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Selling wooden canes and sticks for smiles
HINKLEY â€¢ If you have driven along state Highway 58 in Hinkley, youâ€™ve probably spotted Will Mehegan with his truck parked on the side of the road and an American flag flapping in the wind.
For the past five years, the Hinkley resident has spent about six hours a day, four days a week, sitting on a lawn chair in the desert heat. He waits patiently for drivers to pull over to buy his walking sticks and canes. If he is lucky, he will sell two to four a day.
â€œSixty percent of the people who are buying are people who have passed me by for some times weeks, days or even months on the way to and from Vegas and decided this was the day to stop,â€ he said. â€œThe other 40 percent are returned customers.â€
Mehegan orders dried wooden sticks of sassafras, dogwood, hickory, birch and hawthorn from places, such as Ireland, Australia, India and the Swiss Alps. He spends about three days hand filing and sanding each branch, then applying several coats of lacquer finish.
â€œEach wood has its own density,â€ he said. â€œFor a lady, I would offer her sassafras or a dogwood, because they are lighter but still a very strong stick. They donâ€™t want to be carrying a heavy stick at the end of the day. If you are not a large person, it can be very cumbersome.â€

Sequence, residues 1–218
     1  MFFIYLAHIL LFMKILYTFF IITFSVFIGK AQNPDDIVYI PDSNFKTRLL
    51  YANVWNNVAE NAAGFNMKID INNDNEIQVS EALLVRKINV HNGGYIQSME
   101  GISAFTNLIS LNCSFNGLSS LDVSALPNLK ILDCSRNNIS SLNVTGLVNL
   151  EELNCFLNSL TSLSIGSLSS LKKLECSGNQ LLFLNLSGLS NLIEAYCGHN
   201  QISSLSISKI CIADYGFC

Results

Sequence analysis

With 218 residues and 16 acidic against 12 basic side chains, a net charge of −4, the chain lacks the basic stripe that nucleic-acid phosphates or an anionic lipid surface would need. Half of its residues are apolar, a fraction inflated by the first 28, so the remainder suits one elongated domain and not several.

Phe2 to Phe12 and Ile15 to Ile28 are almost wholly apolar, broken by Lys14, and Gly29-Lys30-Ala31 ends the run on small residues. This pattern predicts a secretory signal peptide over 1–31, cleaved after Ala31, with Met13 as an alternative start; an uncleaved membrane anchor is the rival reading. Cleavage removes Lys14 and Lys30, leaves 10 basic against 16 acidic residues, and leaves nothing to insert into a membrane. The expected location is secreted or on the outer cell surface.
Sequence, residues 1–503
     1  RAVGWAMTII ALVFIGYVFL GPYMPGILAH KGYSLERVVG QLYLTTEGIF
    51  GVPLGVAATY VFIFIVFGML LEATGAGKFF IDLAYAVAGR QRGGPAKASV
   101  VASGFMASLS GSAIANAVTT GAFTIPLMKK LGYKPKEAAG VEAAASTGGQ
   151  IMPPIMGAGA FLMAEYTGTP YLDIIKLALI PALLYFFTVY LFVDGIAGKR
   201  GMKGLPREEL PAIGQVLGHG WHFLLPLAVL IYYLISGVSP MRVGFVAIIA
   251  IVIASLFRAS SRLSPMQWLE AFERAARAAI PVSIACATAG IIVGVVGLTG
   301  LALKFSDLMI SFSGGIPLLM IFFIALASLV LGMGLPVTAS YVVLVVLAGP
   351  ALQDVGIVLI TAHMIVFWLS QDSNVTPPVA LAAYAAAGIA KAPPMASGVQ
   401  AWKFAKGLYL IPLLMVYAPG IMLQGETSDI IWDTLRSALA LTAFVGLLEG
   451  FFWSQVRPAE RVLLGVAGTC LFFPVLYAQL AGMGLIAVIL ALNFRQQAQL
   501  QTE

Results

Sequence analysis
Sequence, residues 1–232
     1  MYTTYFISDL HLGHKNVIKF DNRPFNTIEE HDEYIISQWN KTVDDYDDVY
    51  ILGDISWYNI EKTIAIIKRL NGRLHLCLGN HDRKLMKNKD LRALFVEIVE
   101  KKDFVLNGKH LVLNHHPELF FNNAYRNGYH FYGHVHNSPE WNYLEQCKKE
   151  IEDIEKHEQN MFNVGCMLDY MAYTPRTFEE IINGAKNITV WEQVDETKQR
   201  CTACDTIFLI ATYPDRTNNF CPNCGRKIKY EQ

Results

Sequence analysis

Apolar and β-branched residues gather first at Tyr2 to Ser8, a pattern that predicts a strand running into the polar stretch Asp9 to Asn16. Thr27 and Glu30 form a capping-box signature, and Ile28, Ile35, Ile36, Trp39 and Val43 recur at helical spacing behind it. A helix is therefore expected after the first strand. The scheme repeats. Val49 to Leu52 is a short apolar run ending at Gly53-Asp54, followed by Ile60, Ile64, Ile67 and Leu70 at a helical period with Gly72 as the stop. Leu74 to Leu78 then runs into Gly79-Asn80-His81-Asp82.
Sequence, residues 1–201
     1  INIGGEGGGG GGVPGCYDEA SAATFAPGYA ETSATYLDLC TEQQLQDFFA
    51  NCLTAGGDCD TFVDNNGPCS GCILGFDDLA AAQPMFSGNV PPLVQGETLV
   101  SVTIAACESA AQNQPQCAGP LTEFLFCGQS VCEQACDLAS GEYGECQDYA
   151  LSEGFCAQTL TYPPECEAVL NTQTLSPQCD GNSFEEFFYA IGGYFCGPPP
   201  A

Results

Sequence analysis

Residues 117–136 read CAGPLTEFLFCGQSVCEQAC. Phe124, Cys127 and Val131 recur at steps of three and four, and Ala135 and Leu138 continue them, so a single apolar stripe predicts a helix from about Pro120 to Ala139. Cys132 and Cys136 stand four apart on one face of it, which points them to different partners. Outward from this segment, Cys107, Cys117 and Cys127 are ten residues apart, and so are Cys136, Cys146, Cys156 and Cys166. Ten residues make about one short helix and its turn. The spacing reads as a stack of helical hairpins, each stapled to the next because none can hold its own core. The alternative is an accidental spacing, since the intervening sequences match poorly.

Hinkley resident Jean Burns stopped by on a Thursday afternoon to drop off 11 Dick Francis novels for Mehegan to read.
After seeing Meheganâ€™s display about four years ago, Burns stopped to buy a sassafras walking stick for herself and a hickory walking stick for her husband.
â€œYou use it to stabilize you, because the desert is uneven,â€ she said.
Mehegan walks with a sumac root cane and a dogwood stick, because of his back injury and knee pain. He worked as a barrier maintenance operator in the U.S. Air Force in 1977.
â€œWhen I first came back to Victorville, they decided I was disabled and I couldnâ€™t work anymore,â€ he said. â€œI was severely depressed because of it, and I needed a cane to walk with. And at the VA clinic they put me on this ugly metal cane that just made me feel sick.â€
In 2007, Mehegan met a man named Raul who was selling wooden walking sticks and canes at a farmersâ€™ market in Victorville. Mehegan bought a cane, and later became friends with Raul who taught him to file, sand and finish the wooden walking canes and sticks.
Mehegan was previously spotted selling in Apple Valley, Victorville, Hesperia and outside of Silver Lakes. Though he was chased out of those towns, he has found a home in Hinkley.
One 75-year-old woman stopped by with a pained look on her face, but left with a smile after picking out a cane that fit her height, Mehegan said. Another man danced with joy after replacing his metal cane with a wooden cane carved like a wizardâ€™s face.
â€œThis saves my soul sitting in this little spot in the desert,â€ he said. â€œIt made me realize there are people out there who need some help and maybe I can still make a difference.â€